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Re: THEORIZING ABOUT SPACE

#43 Post by utilae »

Geoff the Medio wrote: Perhaps expanding too fast, or not expanding fast enough, have severe economic consequences... Perhaps you start to have problems after expanding the economy at unsustainable rates gets your populace used to an unsustainable lifestyle, meaning when you have to slow down expansion due to running out of habitable planets, interference from other empires, or just sheer size of your empire being too much for your current level of transportation technology to allow rapid growth or timely internal communication and cohesion of the empire. While you were expanding, everyone got used to the good life of an economic boom, but after, when things settle down and people loose jobs, you're much less popular than you would have been if expanding slowly but steadily.
The expanding thing is interesting, maybe certain governments or races allow faster expansion, maybe some require slower expansion.

I think overall there could be a few factors that help to remove the snowball effect and also make managing a larger empire more fun, ie don't let it fall apart (more fun because if you have to win a civil war to retain control of your own empire, than that is cool).

A list of factors that could influence the break up of an empire, reduce snowball effect, etc:
-expanding too fast (effects economy, border worlds have lower morale)
-morale (leads to chance of corruption)
-corruption (system become factions, turn other systems, civil war, etc)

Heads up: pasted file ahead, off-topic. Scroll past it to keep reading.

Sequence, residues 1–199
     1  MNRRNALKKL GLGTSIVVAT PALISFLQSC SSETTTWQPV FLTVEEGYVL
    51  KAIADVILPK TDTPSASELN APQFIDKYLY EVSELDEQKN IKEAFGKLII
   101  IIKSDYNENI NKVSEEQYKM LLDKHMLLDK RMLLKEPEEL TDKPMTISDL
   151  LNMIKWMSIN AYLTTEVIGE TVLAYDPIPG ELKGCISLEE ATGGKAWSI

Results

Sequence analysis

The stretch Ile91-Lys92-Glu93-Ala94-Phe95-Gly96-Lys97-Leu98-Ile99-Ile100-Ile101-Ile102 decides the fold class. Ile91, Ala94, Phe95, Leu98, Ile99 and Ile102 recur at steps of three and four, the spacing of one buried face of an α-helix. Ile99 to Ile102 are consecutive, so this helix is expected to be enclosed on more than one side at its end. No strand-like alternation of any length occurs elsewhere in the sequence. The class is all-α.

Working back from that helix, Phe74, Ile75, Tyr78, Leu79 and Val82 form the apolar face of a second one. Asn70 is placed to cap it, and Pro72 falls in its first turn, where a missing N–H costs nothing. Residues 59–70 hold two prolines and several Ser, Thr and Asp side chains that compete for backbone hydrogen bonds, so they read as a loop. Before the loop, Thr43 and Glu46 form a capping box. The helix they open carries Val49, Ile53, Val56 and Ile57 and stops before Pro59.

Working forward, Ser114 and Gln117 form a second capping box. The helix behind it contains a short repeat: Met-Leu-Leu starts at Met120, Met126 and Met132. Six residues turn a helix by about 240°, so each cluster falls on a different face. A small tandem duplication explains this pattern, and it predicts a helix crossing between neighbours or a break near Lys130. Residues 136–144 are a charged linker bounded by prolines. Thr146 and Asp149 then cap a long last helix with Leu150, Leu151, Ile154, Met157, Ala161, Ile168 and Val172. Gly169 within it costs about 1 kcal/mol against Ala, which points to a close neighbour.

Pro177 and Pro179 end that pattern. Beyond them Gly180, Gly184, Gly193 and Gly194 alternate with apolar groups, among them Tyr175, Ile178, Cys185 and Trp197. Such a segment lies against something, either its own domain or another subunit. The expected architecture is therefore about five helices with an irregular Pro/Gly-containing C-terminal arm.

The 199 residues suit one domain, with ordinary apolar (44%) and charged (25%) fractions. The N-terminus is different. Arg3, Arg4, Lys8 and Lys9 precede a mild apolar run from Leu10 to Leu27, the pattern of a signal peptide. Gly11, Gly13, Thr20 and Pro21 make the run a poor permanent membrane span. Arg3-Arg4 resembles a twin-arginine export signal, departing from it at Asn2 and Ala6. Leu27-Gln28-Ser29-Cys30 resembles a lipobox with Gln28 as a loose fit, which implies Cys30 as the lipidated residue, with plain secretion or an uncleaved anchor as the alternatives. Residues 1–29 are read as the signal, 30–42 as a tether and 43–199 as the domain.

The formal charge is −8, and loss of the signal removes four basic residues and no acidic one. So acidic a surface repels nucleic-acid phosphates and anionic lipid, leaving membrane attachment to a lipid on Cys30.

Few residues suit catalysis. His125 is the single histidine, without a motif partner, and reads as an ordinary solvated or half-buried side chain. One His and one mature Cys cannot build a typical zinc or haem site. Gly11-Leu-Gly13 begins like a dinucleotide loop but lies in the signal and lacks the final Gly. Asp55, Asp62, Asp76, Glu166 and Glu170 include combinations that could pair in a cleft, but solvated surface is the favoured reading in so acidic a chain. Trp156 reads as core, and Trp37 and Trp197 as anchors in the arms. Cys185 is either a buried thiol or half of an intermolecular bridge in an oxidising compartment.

-crime (leads to chance that planet becomes a pirate haven, civil war, etc)
-distribute funds to favourite systems (those that don't get enough money become unhappy, especially when some systems get more than they need, alot of investment in a system keeps the system loyal and improves its strength in whatever its focus is set to)

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Expanding

#44 Post by guiguibaah »

I think that perhaps the rate of expansion can also be fettered with the amount one can improve their own planets. You could opt for a strategy which involves spreading out a lot of small colonies through a 10 system empire... Or, devout most of those resources to creating a strong and unified homeworld and core colony.

I think it could depend on the amount to which one could improve their colonies. The more resources and benefits you derive from improving your colonies, the less of them you will make.
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#45 Post by iamrobk »

I was reading a short story about a large empire attacking a small one. In the end, the large empires technology ended up killing themselves. Cool story.